By David Pearce

From 9 PM on Friday 20 March 2020, the Federal Government closed Australia’s borders to all non-citizens and non-residents. This closure was one of the first major steps made in response to the pandemic and prevented almost all visa holders from leaving or entering Australia without a travel exemption. These restrictions and stringent exemption requirements caused major distress for many visa holders both in and outside of Australia, preventing them from travelling back home or visiting family in Australia.

And the only way to get around these restrictions and bypass closed borders was to apply for an exemption to travel with the two most common reasons: compassionate and compelling reasons or if the visa holder has a critical skill needed in Australia.

On Monday 22 November 2021 the Australian Government announced that from 1 December 2021, certain fully vaccinated visa holders will no longer require an exemption to travel. Fully vaccinated visa holders from Japan, Singapore and South Korea would also join the list of countries that no longer require an exemption to travel to Australia.

Fully vaccinated visa holders who are exempt include sponsored work visas, student visas, and humanitarian visas. Now, these visa holders are free to travel to and from Australia without exemptions. However, an Australian Travel Declaration (ATD) does need to be completed at least 72 hours before entering Australia.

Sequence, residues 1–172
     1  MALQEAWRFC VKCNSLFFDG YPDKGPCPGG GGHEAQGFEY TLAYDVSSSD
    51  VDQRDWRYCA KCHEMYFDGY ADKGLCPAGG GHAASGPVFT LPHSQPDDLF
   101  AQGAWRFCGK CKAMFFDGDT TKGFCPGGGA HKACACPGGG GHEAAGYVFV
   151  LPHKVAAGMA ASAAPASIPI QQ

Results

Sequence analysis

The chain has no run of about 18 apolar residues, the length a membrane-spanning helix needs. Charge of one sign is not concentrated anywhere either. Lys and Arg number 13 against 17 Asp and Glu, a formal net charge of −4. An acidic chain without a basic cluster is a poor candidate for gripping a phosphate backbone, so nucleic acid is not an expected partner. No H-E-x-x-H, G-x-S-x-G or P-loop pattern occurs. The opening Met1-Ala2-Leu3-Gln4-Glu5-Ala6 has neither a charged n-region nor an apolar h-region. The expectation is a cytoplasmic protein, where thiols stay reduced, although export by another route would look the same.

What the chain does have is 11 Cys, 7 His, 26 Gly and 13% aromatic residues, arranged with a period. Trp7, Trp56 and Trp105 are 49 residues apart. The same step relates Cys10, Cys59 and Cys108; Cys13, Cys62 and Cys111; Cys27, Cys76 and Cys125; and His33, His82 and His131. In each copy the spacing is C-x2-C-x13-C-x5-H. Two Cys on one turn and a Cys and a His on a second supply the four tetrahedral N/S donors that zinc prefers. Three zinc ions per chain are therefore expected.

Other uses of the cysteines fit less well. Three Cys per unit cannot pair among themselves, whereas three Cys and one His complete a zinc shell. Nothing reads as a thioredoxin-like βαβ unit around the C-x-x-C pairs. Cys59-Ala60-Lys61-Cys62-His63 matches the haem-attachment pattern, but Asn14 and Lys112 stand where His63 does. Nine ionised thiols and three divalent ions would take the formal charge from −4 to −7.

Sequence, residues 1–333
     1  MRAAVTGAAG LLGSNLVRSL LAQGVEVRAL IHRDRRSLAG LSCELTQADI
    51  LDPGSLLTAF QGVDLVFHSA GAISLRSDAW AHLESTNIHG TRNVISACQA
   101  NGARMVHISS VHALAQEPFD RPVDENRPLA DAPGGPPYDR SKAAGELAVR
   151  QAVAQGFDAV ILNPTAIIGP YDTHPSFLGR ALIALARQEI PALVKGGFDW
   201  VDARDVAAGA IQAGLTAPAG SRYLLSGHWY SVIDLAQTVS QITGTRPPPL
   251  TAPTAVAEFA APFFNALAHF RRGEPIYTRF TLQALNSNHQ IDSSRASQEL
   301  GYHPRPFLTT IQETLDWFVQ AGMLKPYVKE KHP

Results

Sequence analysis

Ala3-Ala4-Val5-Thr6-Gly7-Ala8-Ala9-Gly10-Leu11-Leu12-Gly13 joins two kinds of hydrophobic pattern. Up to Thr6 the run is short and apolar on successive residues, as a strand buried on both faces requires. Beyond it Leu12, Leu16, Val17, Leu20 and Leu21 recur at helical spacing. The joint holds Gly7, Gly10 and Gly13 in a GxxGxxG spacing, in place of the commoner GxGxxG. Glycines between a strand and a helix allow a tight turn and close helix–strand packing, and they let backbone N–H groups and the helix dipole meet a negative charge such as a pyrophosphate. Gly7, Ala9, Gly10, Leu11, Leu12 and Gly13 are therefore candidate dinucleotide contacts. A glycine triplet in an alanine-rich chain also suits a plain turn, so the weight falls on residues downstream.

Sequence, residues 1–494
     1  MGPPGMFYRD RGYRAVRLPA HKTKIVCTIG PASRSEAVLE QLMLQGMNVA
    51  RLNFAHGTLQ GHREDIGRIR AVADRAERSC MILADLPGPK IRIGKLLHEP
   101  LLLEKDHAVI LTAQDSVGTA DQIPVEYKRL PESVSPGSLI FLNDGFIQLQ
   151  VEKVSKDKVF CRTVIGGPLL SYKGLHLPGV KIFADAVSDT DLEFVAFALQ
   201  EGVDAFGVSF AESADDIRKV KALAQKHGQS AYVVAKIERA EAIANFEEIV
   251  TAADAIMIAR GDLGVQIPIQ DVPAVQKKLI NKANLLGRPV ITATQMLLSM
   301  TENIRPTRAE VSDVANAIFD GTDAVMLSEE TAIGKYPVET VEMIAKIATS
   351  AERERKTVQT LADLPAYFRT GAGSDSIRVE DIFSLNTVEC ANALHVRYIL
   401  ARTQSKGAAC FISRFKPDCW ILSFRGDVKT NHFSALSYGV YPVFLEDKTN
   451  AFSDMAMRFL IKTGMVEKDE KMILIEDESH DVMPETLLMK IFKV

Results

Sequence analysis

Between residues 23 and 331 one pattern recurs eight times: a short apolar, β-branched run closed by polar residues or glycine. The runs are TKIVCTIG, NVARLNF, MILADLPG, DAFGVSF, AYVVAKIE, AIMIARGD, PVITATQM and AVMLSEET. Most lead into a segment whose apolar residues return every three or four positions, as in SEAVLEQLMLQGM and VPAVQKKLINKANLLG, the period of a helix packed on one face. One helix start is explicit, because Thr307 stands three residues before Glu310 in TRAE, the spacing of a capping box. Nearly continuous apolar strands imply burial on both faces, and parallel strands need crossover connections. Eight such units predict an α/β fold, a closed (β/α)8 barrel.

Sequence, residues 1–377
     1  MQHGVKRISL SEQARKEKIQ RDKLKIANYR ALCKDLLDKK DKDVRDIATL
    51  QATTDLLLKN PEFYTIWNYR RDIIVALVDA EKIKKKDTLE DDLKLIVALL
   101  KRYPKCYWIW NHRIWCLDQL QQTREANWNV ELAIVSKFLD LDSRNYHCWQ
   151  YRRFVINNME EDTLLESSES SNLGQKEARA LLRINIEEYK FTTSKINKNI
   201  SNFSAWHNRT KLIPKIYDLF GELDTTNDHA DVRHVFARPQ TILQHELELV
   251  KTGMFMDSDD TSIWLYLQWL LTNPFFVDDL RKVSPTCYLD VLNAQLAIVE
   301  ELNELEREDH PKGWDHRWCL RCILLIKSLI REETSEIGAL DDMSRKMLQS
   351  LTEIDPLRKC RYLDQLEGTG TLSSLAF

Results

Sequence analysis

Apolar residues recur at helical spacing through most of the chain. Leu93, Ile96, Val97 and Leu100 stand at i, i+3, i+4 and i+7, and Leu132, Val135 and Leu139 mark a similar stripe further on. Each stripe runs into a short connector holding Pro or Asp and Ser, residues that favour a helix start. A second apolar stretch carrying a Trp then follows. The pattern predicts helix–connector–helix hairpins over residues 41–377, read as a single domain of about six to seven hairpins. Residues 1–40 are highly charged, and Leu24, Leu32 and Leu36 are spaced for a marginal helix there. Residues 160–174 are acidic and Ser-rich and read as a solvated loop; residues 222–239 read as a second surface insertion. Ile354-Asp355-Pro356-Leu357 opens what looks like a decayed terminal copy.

If you’re unsure of if you’re exempt from applying for a travel exemption, contact FCB Smart Visa and our team can guide you on your obligations when travelling in and out of Australia.

This will be news to the ears of many businesses looking for skilled workers that they’re unable to be found in Australia, plus the process has become simpler – there’s no need for travel exemptions for expatriate staff.

Who still requires an exemption to travel?

Visitor visa holders and bridging visas are the two main types that still require a travel exemption to enter Australia. The Government hasn’t yet clarified if people on bridging visas who have applied for an exempt visa will be eligible to travel.

If you still require an exemption to travel FCB Smart Visa can assist you with preparing the application and advising on the types of evidence that the department will require to present and why you should be exempt from the restrictions.

What are the impacts of the Omicron COVID-19 variant on travel?

In response to the Omicron variant of COVID-19, on 27 November 2021 the Federal Government announced additional restrictions for any travellers coming from South Africa, Namibia, Zimbabwe, Botswana, Lesotho, Eswatini, Malawi, and Mozambique. Anyone who isn’t a citizen or permanent resident of Australia or their immediate family won’t be able to enter Australia if they’ve been in one of the listed countries in the past 14 days even if they have a valid travel exemption. The situation is constantly changing, so keep an eye out for further updates concerning these countries.

On 29 November the Prime Minister announced that the border opening would be pushed back by 14 days to 15 December 2021. This is a blow to people looking to travel, but the Government’s announcement is that this is just a temporary delay until further information about the Omicron variant is available.

If you have any questions about travel exemptions and border closures, please contact our FCB Smart Visa team.
David Pearce is a Solicitor and FCB Smart Visa and FCB Workplace Law. He advises clients on all aspects of migration, with a focus on employer-sponsored visas. His work across both employment and migration law gives him a unique interest in where the two areas overlap. He has completed a double degree in Law and International Studies at Macquarie University.